Dan Belton:
One thing we've been tracking with recent FOMC's is Powell's characterization of the likelihood of achieving a soft landing. And he did say today that the path has clearly narrowed to avoiding a recession. He said, there's still a path to achieving a soft landing, but he did say it's narrowed. So something to keep in mind there. Obviously as inflation continues to come in higher than expected, he talked a lot about how the June number was a disappointment to the Fed, that just narrows the path to a soft landing.

Dan Krieter:
Yeah. He said that for the past few meetings now that it's outside of their control and that it's getting more challenging. So only time will tell. But I think for the July FOMC meeting, pretty in line with expectations and a risk on response that I think should have legs. I mean, I guess before we wrap up here, now with the July FOMC in the rear view mirror, what's your view on credit from here? Obviously things have bounced back. We're still at pretty elevated level historically. What's going to drive spreads in the next couple weeks? And what's your take on the market now?

Dan Belton:
Yeah. I'm looking at earnings right now. I've actually been thinking that earnings this week are probably even more important to the near term path of credit spreads, then the Fed in today's meeting really reinforces that expectation. I think that we could still see some weakness in the near term with credit spreads. Another thing to watch is the technicals. They've been pretty bad for most of the second quarter, but getting a little bit better over the month of July. And it'll be interesting to see if this risk on tone. Now we've started to see some durability in the risk asset rally now over the last month or so, start to see if that entices some borrowers to come back into primary markets and invigorate some demand from investors. I mean, we've had a fairly heavy July in terms of issuance, but it's been really concentrated among the large US banks and a couple jumbo deals. So it'll be interesting to see what happens in primary markets going forward.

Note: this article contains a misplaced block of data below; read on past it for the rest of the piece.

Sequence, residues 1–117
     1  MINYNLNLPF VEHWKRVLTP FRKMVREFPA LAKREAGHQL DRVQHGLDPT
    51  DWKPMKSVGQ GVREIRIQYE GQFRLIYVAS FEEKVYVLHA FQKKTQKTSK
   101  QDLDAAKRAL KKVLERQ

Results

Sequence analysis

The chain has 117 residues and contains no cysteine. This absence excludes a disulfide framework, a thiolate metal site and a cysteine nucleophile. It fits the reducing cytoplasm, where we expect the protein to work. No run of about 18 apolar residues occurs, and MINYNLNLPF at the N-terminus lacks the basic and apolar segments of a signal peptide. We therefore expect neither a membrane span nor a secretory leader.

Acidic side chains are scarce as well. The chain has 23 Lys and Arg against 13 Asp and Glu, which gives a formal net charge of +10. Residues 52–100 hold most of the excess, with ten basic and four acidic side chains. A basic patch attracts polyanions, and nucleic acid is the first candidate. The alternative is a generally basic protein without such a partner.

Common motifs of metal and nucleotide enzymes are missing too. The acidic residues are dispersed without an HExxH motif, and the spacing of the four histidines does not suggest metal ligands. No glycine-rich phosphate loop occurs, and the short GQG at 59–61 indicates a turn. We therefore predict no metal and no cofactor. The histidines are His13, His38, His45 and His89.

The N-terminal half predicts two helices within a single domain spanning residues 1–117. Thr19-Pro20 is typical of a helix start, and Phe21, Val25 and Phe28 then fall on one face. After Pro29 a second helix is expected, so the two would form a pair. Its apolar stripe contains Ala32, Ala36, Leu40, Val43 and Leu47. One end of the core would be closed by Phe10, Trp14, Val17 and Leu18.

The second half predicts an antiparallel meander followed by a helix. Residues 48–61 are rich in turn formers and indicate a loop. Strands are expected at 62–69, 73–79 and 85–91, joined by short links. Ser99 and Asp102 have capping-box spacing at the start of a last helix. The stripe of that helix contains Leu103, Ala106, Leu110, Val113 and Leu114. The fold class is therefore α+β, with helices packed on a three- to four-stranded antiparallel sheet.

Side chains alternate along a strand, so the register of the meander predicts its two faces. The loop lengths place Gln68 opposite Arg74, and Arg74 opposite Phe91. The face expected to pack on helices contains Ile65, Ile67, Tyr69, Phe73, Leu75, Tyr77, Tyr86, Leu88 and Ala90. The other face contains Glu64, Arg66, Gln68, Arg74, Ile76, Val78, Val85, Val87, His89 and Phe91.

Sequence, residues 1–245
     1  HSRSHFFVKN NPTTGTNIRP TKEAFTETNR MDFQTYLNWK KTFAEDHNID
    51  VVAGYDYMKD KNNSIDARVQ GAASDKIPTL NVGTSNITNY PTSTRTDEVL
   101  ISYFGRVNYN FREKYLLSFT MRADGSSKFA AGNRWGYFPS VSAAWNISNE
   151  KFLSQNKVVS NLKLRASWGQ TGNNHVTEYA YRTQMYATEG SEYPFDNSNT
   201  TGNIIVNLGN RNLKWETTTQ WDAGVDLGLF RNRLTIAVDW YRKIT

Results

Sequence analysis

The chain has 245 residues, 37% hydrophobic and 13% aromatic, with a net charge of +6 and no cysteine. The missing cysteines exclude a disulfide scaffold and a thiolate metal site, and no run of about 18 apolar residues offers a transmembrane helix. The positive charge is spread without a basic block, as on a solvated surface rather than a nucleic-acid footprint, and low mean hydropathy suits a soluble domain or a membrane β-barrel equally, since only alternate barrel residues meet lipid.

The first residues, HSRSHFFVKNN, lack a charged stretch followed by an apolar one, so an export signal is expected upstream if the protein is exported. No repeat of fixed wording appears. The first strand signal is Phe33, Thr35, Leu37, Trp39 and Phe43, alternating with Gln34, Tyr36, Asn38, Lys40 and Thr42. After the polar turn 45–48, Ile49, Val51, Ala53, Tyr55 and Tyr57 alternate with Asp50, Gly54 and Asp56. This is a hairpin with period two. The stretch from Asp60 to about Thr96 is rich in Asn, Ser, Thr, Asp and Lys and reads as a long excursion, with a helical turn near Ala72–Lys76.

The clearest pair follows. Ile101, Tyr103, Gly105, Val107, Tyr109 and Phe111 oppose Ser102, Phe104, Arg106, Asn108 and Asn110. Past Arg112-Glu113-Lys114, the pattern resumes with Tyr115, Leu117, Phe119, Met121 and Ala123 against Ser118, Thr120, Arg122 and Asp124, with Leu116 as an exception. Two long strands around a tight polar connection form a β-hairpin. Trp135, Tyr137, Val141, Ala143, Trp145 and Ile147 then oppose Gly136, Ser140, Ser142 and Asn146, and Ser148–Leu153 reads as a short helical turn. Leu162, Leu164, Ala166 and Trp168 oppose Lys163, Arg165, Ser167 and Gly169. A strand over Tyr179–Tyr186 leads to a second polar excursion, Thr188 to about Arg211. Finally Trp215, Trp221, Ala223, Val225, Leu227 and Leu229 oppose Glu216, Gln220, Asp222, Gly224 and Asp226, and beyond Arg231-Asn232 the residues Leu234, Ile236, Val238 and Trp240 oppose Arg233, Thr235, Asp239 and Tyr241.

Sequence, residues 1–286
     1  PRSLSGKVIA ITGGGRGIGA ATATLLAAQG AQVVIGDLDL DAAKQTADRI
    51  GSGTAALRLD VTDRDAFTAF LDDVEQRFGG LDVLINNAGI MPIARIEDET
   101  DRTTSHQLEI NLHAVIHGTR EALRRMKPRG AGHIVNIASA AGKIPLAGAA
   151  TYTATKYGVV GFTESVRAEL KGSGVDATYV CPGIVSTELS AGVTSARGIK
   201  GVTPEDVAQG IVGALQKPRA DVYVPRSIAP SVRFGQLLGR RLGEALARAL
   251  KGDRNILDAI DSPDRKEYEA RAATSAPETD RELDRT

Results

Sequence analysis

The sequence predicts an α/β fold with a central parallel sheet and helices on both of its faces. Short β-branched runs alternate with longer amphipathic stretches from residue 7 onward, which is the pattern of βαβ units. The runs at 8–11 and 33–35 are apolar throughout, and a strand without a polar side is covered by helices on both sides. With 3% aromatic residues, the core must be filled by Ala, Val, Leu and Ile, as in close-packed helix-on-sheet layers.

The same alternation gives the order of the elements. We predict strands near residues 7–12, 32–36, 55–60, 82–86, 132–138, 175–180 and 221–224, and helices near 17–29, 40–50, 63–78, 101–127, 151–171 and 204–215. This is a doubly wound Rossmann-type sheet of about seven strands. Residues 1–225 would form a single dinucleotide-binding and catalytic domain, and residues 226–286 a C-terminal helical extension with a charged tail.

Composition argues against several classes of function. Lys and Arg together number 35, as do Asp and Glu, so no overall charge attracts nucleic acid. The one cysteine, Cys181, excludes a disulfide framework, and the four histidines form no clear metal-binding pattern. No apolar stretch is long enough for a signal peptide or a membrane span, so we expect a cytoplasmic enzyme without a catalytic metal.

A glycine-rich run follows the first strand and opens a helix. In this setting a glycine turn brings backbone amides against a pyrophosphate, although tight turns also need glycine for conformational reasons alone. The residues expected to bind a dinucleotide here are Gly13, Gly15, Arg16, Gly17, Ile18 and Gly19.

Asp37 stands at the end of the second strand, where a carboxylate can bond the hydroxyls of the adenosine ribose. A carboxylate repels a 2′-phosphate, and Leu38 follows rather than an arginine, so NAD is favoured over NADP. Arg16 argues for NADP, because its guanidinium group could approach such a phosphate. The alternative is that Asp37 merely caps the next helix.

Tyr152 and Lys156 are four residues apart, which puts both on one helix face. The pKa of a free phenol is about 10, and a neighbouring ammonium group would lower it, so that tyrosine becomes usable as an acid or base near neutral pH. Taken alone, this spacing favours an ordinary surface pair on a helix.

Dan Krieter:
Yeah, I agree with you. It does feel like primary markets are in a much better spot, but that's coming off of what we were talking about in podcasts in previous weeks is, arguably the worst technicals in the history of the market. So we've gone from the market was basically closed for periods of June. To now, okay, the markets are open, capital is flowing again, but concessions still remain in the double digits, which is quite elevated historically. And we've seen that lack of issuance in borrowing patterns, I mean you talked about the heavy financial supply but if you look at non-financial, we've seen the lowest amount of non-financial supply in the IG space since 2016, at least, this year. Only very, very heavy financial supply is keeping IG supply in line with recent years. And we have seen an increased reliance on commercial paper funding.

Dan Krieter:
Non-financial CP outstanding, the Fed's data series is up to the tune of 60 billion this year. So market volatility and challenging primary markets have clearly enticed some borrowers to look at short term funding as a way to get money raised. Does that imply to you that we might have a backlog that we could see CP come down if market conditions are more attractive? Or do you think that CP has just been an attractive way to get some money done with overwhelming demand at the front end of the curve and that light issuance patterns thus far could be sustained?

Dan Belton:
Yeah, it's probably a little bit of both. I think as long as concessions remain elevated broadly, which I think is probably going to be the case, at least into the medium term, CP might be more attractive for a lot of borrowers. So is there a backlog there? Maybe over the longer run once primary market conditions really improve, that could entice some borrowers. But I don't expect to see second half supply really rebound at this point.

Dan Krieter: